This title, as well as others of Brown’s work, is great quick read – mainly because it was slightly below my reading level. The Navy Justice Series would make great books for any middle- to high-school age student. Of course if adults want something to burn through in a few days, I would recommend Don Brown’s novels. Black Sea Affair tracks political and military action as American and Russian leaders escalate situations to the brink of a modern-day Cold War.
First, weapons-grade plutonium disappears from the hands of Russian government. The American administration stumbles upon information that leads them to believe the plutonium has fallen into the hands of terrorists, who are transporting it to a freighter on the Black Sea. The Russian defense minister and president are badly mistaken about the whereabouts of their plutonium. NATO becomes involved, pilots are killed, and a crew of American submariners is sent on a top secret mission. Submarine Commander Pete Miranda is hunting down the freighter they suspect has the plutonium, without knowledge that it also has a dozen orphans and their chaperone on board.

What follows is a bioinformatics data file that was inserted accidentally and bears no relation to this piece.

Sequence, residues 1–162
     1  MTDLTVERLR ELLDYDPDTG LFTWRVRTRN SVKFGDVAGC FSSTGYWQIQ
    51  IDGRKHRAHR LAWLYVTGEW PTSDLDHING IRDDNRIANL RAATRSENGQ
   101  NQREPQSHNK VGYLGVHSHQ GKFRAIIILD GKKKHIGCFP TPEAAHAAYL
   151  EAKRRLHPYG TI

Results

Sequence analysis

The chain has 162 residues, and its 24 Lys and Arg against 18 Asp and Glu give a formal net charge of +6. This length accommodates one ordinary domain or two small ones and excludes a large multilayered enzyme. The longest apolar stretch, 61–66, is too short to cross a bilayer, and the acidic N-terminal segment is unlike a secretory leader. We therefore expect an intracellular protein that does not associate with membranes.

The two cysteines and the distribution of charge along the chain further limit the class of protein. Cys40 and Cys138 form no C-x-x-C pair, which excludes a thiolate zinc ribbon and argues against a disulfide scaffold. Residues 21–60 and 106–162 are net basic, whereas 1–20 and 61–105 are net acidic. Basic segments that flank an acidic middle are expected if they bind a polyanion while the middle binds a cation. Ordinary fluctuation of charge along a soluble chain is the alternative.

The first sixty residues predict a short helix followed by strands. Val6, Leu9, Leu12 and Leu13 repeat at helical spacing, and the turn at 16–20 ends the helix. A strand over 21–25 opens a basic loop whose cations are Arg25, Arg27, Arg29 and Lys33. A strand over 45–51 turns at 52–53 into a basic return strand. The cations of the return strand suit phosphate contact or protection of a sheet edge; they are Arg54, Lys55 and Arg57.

Nothing extra spectacular about this book, but it was good to read something from Zondervan. There was also a lot less action from Navy prosecutor Zach Brewer than I expected. It was somewhat of a letdown, but it never took away from the story. I’d say it is quite an accomplishment for a former Navy JAG Officer who has worked in the Pentagon. I’ll be on the lookout for more of Don Brown’s work in the future.